Black Friday exists to prove that Brick and Mortar retailers can still draw the crowds. Determined to make the most of the annual shopper deluge, many U.S. retailers opened their doors on Thanksgiving day itself in 2017, gambling that consumers wouldn’t be too turkey-stuffed to hit the stores.
It proved to be a safe bet. Devicescape monitored footfall at key retail locations over the Thanksgiving period and compared the results to visit numbers from the previous week.
Leading retailers including Target, Walmart, and Best Buy, all saw big spikes on Thursday evening. And most – but not all – enjoyed a good surge in traffic on Black Friday as well.
Target opened its doors at 6pm on Thanksgiving day, although our data showed crowds beginning to gather from 4pm. Between the hours of 6pm and 11pm on Thursday, we recorded a huge week on week increase in foot traffic for Target of 432%.
Walmart stayed open throughout Thursday but footfall didn’t really start to climb until late afternoon, as Black Friday deals became active. For the period between 5pm and 11pm foot traffic was up by 133% over the same period for the previous week.
Target didn’t only beat Walmart on Thursday evening. Our data shows that, while Target enjoyed a week on week footfall increase of 130% on Black Friday itself, Walmart’s traffic on Friday 24th was up by less than 12% on the previous week.
Across a wider group of retailers including Best Buy, Bloomingdale’s, Dillard’s, Famous Footwear, Kohl’s, Lowe’s, Macy’s, Nordstrom, and Gap, Black Friday foot traffic was up by a solid 190% on the previous Friday.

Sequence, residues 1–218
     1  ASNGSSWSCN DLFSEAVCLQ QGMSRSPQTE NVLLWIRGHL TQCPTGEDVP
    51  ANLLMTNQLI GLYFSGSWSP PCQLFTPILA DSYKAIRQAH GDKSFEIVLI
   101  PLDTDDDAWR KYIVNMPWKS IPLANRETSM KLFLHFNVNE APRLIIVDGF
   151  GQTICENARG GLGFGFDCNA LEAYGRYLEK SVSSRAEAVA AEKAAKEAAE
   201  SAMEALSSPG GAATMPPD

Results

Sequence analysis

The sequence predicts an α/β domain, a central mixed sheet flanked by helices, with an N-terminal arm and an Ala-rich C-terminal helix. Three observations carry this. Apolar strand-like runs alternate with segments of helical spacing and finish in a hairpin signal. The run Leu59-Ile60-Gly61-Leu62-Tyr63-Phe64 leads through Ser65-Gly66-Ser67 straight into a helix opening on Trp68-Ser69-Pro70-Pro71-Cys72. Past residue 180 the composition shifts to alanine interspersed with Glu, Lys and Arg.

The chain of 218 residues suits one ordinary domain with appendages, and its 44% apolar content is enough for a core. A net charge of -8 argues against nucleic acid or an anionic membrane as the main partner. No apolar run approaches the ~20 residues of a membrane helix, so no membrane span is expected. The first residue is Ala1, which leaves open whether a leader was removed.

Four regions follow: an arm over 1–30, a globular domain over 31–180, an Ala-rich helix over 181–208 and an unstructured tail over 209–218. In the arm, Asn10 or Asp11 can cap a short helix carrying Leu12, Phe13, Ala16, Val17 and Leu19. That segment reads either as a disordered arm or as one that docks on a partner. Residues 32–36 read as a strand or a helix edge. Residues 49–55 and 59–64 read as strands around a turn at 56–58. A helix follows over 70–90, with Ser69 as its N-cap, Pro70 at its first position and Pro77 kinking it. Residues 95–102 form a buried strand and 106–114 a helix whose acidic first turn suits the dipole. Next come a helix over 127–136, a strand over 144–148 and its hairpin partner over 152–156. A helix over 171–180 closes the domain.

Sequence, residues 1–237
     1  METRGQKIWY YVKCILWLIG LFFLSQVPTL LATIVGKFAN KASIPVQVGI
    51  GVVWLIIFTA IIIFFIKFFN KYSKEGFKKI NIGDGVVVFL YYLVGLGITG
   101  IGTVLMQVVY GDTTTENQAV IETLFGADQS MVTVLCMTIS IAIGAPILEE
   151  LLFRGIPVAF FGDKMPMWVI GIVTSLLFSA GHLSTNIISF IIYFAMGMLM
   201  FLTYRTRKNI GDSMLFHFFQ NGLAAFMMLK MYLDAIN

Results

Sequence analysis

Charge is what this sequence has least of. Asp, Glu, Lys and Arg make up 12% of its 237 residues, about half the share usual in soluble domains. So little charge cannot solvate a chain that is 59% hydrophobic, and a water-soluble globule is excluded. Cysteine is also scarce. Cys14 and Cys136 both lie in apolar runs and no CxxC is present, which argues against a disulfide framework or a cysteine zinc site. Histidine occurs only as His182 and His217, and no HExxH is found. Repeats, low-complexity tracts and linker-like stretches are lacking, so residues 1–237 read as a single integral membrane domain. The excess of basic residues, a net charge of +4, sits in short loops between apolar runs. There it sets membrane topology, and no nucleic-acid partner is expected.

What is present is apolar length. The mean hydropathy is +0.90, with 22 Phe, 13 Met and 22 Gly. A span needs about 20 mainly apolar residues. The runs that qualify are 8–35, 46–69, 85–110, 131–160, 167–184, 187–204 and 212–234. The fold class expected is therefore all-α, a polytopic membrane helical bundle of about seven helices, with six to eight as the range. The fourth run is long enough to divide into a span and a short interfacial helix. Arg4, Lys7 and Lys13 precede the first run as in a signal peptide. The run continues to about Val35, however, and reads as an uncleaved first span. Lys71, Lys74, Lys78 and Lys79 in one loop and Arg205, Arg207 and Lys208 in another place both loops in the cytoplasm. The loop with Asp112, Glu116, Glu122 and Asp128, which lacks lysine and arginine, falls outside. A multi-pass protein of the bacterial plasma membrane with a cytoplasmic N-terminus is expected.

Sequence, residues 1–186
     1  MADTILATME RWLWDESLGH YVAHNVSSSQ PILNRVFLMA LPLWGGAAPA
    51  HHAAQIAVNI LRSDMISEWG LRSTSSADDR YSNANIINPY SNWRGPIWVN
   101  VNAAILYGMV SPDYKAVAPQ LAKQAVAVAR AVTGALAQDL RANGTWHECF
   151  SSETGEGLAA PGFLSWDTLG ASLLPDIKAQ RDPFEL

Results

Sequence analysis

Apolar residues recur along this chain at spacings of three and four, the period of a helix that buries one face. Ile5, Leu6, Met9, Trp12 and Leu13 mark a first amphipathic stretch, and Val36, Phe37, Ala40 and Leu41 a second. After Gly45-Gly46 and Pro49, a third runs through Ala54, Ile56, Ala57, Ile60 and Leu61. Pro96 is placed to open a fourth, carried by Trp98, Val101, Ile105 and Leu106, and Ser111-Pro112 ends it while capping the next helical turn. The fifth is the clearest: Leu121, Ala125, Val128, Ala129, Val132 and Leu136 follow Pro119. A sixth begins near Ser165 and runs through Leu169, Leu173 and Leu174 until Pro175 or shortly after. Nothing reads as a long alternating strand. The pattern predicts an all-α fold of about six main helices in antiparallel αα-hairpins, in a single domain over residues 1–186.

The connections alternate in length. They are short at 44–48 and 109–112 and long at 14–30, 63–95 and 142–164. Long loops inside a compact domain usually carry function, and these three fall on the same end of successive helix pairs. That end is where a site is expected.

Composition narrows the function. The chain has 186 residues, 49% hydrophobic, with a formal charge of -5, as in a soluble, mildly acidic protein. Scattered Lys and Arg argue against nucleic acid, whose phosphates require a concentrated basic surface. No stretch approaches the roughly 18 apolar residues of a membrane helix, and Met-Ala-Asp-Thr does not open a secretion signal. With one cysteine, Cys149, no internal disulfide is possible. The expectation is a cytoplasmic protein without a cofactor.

Of this group, only Best Buy saw a marked week on week increase in traffic on Thursday evening.
Supermarket foot traffic was up 46% in the two days preceding Thanksgiving
At supermarkets the impact was felt earlier in the week, perhaps reflecting a surge in shoppers stocking up for the holiday weekend.
We measured footfall at Hy-Vee, Kroger, Safeway, and Whole Foods Market. Across these four chains, foot traffic for the two days preceding Thanksgiving was up by 46% on the same two days during the previous week.
U.S. shoppers are still clearly prepared to turn out in numbers to get deals at brick and mortar retailers, with our 2017 data suggesting many are even willing to sacrifice the traditional Thanksgiving lunch to beat the crowds. Either that, or they are using a spot of tactical retail therapy to get a break from their families!